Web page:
What Is Wrong When My Car Backfires?

When the explosive noise of a car backfire occurs, it usually indicates that the air-to-fuel mixture is unbalanced or that a problem exists with the vehicle's timing. A backfire is the result of fuel burning outside to the engine's combustion chamber. Backfires can occur in either the intake system or the exhaust system, depending on the cause.

Having the proper air-to-fuel ratio in a vehicle is essential to avoiding backfires. If the fuel mix contains too much air, a backfire in the intake system occurs. If the mix contains too much fuel, a backfire in the exhaust system results. Some common causes of unbalanced fuel mixtures include leaky vacuum hoses and a malfunctioning air intake valve.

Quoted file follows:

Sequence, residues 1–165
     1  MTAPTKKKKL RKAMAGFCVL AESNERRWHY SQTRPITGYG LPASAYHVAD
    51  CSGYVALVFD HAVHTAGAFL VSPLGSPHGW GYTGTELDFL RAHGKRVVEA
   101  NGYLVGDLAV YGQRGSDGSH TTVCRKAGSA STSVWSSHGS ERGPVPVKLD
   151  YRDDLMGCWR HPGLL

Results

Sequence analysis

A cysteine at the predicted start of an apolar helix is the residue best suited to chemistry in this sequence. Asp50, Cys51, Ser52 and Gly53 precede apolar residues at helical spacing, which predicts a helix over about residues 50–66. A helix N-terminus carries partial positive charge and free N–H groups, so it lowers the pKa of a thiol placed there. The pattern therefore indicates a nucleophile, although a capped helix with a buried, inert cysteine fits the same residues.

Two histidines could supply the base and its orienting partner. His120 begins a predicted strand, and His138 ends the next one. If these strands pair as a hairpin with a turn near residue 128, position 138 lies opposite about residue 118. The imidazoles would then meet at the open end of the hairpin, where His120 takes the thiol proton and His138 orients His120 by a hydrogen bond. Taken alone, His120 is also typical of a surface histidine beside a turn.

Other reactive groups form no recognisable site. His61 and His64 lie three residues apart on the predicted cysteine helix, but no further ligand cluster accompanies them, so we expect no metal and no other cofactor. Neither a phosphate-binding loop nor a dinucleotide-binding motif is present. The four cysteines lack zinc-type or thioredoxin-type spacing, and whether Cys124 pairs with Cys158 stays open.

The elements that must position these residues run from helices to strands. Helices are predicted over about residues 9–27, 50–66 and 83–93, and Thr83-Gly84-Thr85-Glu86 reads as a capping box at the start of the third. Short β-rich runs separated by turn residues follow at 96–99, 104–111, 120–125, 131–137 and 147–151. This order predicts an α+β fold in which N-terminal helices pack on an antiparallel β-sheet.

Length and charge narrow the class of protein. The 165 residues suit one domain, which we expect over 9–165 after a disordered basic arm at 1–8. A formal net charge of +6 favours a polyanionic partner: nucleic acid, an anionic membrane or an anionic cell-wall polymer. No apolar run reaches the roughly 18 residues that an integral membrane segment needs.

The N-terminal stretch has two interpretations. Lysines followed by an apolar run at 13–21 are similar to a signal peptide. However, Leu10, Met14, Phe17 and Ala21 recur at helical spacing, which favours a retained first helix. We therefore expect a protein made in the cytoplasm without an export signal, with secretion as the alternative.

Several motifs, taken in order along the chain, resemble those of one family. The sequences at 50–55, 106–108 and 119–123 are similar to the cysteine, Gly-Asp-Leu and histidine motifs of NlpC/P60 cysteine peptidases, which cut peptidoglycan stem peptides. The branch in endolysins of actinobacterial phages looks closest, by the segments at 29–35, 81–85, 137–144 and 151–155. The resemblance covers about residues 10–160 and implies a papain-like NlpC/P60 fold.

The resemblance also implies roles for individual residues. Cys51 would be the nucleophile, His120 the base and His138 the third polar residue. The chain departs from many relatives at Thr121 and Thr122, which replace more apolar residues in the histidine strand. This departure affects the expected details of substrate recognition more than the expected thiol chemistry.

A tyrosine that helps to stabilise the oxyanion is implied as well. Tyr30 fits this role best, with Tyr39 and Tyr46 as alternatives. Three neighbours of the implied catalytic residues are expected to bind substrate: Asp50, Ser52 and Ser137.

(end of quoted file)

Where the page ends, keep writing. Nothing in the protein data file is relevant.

When a car backfires due to faulty timing, the first thing a vehicle owner needs to do is check both the spark plugs and the spark plug wires. Replacing these components is relatively inexpensive and often solves the problem. Another common cause of bad engine timing is an ignition distributor that requires adjusting.

A contributing factor in some backfires is a fuel filter that needs to be replaced. If this key component is faulty, it creates the perfect conditions for a backfire to occur.